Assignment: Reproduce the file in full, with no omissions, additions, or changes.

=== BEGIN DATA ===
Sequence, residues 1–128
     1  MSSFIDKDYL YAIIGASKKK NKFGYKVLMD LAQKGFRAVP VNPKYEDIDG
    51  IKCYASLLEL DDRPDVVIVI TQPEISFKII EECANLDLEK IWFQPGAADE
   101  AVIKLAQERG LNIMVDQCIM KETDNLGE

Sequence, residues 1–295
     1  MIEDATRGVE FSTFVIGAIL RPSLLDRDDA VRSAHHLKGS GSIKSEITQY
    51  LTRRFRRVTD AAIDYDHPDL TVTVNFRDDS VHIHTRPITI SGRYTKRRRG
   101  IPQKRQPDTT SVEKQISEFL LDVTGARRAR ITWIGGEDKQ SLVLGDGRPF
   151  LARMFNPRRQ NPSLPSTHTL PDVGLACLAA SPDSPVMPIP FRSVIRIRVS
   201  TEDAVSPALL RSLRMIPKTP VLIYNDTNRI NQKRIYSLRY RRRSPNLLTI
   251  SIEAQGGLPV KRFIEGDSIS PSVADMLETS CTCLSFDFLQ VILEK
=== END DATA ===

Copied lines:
Sequence, residues 1–128
     1  MSSFIDKDYL YAIIGASKKK NKFGYKVLMD LAQKGFRAVP VNPKYEDIDG
    51  IKCYASLLEL DDRPDVVIVI TQPEISFKII EECANLDLEK IWFQPGAADE
   101  AVIKLAQERG LNIMVDQCIM KETDNLGE

Sequence, residues 1–295
     1  MIEDATRGVE FSTFVIGAIL RPSLLDRDDA VRSAHHLKGS GSIKSEITQY
    51  LTRRFRRVTD AAIDYDHPDL TVTVNFRDDS VHIHTRPITI SGRYTKRRRG
   101  IPQKRQPDTT SVEKQISEFL LDVTGARRAR ITWIGGEDKQ SLVLGDGRPF
   151  LARMFNPRRQ NPSLPSTHTL PDVGLACLAA SPDSPVMPIP FRSVIRIRVS
   201  TEDAVSPALL RSLRMIPKTP VLIYNDTNRI NQKRIYSLRY RRRSPNLLTI
   251  SIEAQGGLPV KRFIEGDSIS PSVADMLETS CTCLSFDFLQ VILEK